In the civilian aviation:
There was a test recently done by DLR/University of Braunschweig (can't remember exactly which) where an un-piloted aircraft (VFW-614?) flew and landed safely at Manching airbase. The air traffic controllers were not told this was an unmanned (with pilots in the cabin as safety backup) flight and treated it as any other (I can't find the link but it was either in the Aero International or Flug Revue). So it is possible.
Current problems include air traffic management and passenger perception flying on an aircraft with one pilot/no pilots.

That is why I agree that it will first be seen on a freighter and not a passenger jet.


User currently offlineWnsocal From United States of America, joined Jan 2005, 129 posts, RR: 0
Reply 21, posted (8 years 9 months ago) and read 4910 times:

I thought this thread was about Kellerher and the 787 technology?


Airline Nut
User currently offlineZvezda From Lithuania, joined Aug 2004, 10511 posts, RR: 64
Reply 22, posted (8 years 8 months 4 weeks 1 day 23 hours ago) and read 4854 times:

Technologies we may see in Y1:
- Fuselage in 3 composite sections (vs 8 sections for the B787)
- Engines with SFC below 0.5
- Fuel cell APU
- Electric (rather than pneumatic) systems
- Large windows
- 6000 foot cabin altitude
- Greater use of composites (fewer metal parts)
- HUD avionics

What else?


User currently offlineAeroPiggot From United States of America, joined May 2005, 284 posts, RR: 0
Reply 23, posted (8 years 8 months 4 weeks 1 day 22 hours ago) and read 4818 times:

Quote:
Slovacek747: My advice... Do what WN wants!! Very few customers are as loyal as them...

Well Guys as you may have now heard, it seems that Boeing as accelerated the 737 replacement studies. Boeing Firms Up 737 Replacement Studies. (by WINGS Mar 2 2006 in Civil Aviation) So they are listening....lets all wait for the Airbus response..(may be they will just install the new 737X engines on the current A320)....  

[Edited 2006-03-02 16:25:36]


A scientist discovers that which exists, an engineer creates that which never was.
User currently offlineZvezda From Lithuania, joined Aug 2004, 10511 posts, RR: 64
Reply 24, posted (8 years 8 months 4 weeks 1 day 21 hours ago) and read 4730 times:

Quoting AeroPiggot (Reply 23):
lets all wait for the Airbus response..(may be they will just install the new 737X engines on the current A320)

I think Airbus can be counted on to more than just change the A320's engines. Airbus will probably either produce an all-new composite-fuselage design or renovate the A320 with about the same scope as the B737 -> B737NG or A330 -> A350 renovation.


25 Andessmf : Previously to the thread descending into some problems, I was stating that there were other things besides fuel economy that could be utilized in the
26 Ikramerica : i could see single class airlines doing 2-2-2 if there is room, and 2 class airlines sticking with 2-2/3-3. With six rails for mounting seat structur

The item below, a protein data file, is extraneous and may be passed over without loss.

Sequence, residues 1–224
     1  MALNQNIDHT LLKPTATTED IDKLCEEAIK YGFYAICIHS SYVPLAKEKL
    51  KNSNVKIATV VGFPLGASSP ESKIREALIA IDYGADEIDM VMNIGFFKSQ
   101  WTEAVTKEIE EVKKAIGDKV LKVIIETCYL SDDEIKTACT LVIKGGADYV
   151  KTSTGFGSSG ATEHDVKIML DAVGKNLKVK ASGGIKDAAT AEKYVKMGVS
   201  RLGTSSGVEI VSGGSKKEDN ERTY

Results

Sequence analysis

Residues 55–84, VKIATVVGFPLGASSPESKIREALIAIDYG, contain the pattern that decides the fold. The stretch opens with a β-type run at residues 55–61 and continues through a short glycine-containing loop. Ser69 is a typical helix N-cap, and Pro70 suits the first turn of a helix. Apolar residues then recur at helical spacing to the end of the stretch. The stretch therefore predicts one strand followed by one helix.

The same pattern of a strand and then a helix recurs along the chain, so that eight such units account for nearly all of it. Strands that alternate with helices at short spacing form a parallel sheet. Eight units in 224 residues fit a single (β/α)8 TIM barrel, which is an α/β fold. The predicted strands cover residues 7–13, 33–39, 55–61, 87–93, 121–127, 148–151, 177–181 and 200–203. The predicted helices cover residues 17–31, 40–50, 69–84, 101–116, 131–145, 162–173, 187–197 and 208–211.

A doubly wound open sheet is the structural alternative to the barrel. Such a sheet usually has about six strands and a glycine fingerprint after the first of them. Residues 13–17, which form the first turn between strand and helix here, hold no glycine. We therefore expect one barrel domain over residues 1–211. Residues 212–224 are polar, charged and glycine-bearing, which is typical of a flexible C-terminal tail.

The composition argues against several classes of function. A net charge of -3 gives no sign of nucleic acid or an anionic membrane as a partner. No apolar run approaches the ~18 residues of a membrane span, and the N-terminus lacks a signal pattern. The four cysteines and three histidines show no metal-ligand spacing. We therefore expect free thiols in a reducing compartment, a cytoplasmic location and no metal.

27 PlaneDane : Raked wingtips? I'm not sure... Yes, I thought that two aisles is planned for the B737 replacement as well.
28 Ikramerica : Likely for the longer range versions of the larger jets (757 replacement, 738/9 replacement), and possibly on the BBJNG 736/73G replacement.
29 Texan : In terms of time, yes, but the extra dimensions added to the aircraft would increase the weight and fuel burn. It would also increase the amount of p
30 Zvezda : One wide aisle allows faster embarkation and disembarkation than two narrow aisles. Two narrow aisles will both get blocked. One wide aisle will not
31 Planemaker : Without agreeing with me, it is too bad that you are unable to simply acknowledge the possibility of a single-pilot 737 (as others have done - in agr
32 Andessmf : Eliminate a pilot and you have no backup, here in my company we spend thousands of dollars to maintain adequate backup of all our resources. Business
33 Stitch : It will also allow those who insist on bringing 21" wide (instead of long) rollaboards and/or everything they bought on vacation in a dozen bags to q
34 A319XFW : It's all about efficiency. Once you can get the reliability up, why have something that will fail under 10e-9 or so, when you can have a computer and
35 Andessmf : Ah, crap! I see where it is a possibility. I'm getting old, cause that technology I dont like.
36 Planemaker : Just because you hadn't heard that suggestion before still doesn't give you any basis to "ridicule" it. BTW, the only thing novel about my suggestion
37 Ikramerica : on a plane of this size you could likely condense it into maximum of 4. Nose and forward section as 1 (which can grow with model), center section (wh
38 Zvezda : No, the backup is that the aircraft lands itself on a preselected runway. There are now single-engine bizjets. I think the thrust centreline issue is
39 Andessmf : So I wrongly assumed you were joking, I apologize for that. Single pilot operation? I think it was a knee-jerk reaction to something that I find unre
40 Planemaker : Thank you for the apology. All that I ever look for is reasoned discourse. Your point about "feeling more comfortable" about a single-pilot 737 will
41 Andessmf : The only real glitch I see in single pilot operations is the requirement for more automation for the ATC system. But that is a different can of worms!
42 Post contains links Planemaker : The ATC system will be significantly upgraded by nex gen 737 EIS. However, the required automation will reside in the aircraft much more than in the
Top Of Page
Forum Index

This topic is archived and can not be replied to any more.

Printer friendly format

Similar topics:More similar topics...
AA Wants To Start Early Talks On A New Pilot Deal posted Mon Jul 24 2006 22:30:39 by KarlB737
Airbus To Spend $10 Bln On New Plane posted Wed May 10 2006 19:22:44 by Tugger
CFO: Boeing To Use 787 Technology In Narrow-Body posted Tue Feb 14 2006 16:27:40 by Leelaw
Sad To See The Demise Of The 737 At LHR posted Mon Nov 28 2005 19:48:33 by Bigpappa
Awiator R&D Technology On New Airbus Types? posted Thu Mar 18 2004 11:03:36 by KEESJE
Boeing To Use 7E7 Technology In New 747 posted Wed Oct 8 2003 13:59:14 by Keesje
UIA To Begin Heavy Maintenance On Its 737 Fleet. posted Thu Nov 9 2000 01:20:56 by Slawko
New Technology On The 787 posted Tue May 3 2005 08:09:42 by ACB777
New 737-300 On Delivery To Azteca Shortly posted Sat Oct 9 2004 03:11:54 by RobK
D/FW Airport To Break Ground On New Taxiway posted Mon Oct 9 2006 20:21:04 by Danairbus